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United States Department of Agriculture

Agricultural Research Service

Title: Dryland Cotton Production

Authors
item Fryrear, Donald
item Bilbro Jr, James

Submitted to: Arkansas Agricultural Experiment Station Special Reports
Publication Type: Experiment Station
Publication Acceptance Date: July 1, 1995
Publication Date: N/A

Interpretive Summary: The major objectives of dryland cotton producers are (1) to store as much rainfall as possible in the soil so lint yields will be at a maximum; and (2) to maintain the fields in a condition such that there will be no loss of soil or plants by wind erosion. Techniques used for storing rain include breaking crusted soils with shallow tillage, keeping the soil surface covered with plant residues as much as possible, farming perpendicular to the slope of the land (contouring), installing terraces, chiseling the soil deeply to break up any hard layers of soil, and using diking in the furrows to prevent rainfall runoff. Wind erosion is prevented by keeping the soil surface in a "rough" condition by using proper tillage implements when the soil is wet enough to form non-erodible aggregates (clods). Plant windbarriers are also used to slow the wind at the soil surface so it will not be "strong" enough to move the soil particles. Fertilizers are applied to supply the plants with the nutrient they need for making maximum yields. Insect control measures are used as needed to prevent insect pests from destroying the crop.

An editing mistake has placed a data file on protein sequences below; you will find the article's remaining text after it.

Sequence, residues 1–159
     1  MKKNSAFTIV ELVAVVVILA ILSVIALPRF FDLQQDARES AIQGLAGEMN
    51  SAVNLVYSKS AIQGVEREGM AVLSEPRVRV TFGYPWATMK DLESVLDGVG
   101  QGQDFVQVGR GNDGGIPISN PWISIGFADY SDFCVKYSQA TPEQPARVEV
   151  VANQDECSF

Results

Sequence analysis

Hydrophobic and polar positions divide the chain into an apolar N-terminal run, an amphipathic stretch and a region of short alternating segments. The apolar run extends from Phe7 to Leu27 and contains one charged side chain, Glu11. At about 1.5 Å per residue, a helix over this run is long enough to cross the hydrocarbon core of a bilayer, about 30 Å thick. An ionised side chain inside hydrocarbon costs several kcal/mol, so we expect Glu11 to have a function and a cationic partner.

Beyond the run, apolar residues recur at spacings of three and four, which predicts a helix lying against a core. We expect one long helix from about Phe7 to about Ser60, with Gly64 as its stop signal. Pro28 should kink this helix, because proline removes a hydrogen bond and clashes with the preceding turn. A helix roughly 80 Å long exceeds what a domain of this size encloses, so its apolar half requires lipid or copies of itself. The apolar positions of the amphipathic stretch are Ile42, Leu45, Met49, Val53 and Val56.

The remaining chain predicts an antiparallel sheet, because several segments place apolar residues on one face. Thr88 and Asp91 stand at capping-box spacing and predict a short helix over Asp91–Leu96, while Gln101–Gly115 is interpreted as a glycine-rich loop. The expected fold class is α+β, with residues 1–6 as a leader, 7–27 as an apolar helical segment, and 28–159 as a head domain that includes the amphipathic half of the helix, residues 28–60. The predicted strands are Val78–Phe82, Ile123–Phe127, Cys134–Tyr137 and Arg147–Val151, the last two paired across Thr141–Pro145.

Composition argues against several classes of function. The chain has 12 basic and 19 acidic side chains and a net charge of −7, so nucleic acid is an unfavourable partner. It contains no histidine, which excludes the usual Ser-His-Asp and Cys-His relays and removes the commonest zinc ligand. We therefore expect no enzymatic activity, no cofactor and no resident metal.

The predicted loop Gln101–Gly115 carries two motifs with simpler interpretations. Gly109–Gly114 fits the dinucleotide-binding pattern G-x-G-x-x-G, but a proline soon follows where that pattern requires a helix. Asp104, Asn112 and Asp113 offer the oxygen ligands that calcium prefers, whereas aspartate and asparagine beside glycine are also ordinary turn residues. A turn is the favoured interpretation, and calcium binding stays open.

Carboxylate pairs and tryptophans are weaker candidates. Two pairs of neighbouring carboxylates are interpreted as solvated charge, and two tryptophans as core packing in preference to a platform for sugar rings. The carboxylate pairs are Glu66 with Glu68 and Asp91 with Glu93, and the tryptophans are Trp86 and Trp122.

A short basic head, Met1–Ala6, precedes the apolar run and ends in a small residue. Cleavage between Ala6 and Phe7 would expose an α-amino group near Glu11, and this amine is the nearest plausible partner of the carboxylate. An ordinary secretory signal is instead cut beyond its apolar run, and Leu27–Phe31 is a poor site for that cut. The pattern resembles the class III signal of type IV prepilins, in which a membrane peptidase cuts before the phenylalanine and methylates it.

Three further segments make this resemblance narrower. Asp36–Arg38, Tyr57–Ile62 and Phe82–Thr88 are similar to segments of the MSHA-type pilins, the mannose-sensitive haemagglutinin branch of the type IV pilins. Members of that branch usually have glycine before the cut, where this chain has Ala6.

Technical Abstract: Dryland cotton producers can increase infiltration of rainfall by breaking crusted soils with shallow tillage, keeping the soil surface covered with plant residues as much as possible, farming perpendicular to the slope of the land (contouring), installing terraces, chiseling the soil deeply to break up any hard layers of soil, and using diking in the furrows to prevent rainfall runoff. Shallow tillage and soil cover with mulching materials can reduce soil water loss from evaporation. Wind erosion soil losses and plant damage can be prevented by keeping the soil in a roughened condition, keeping 60% or more of the soil surface covered with plant residues or other nonerodible materials, and using properly spaced and properly oriented windbarriers of annual or perennial plants. The probability of attaining maximum yields is enhanced by having a proper soil fertilization program and a program to control insect and diseases.

Last Modified: 7/25/2014
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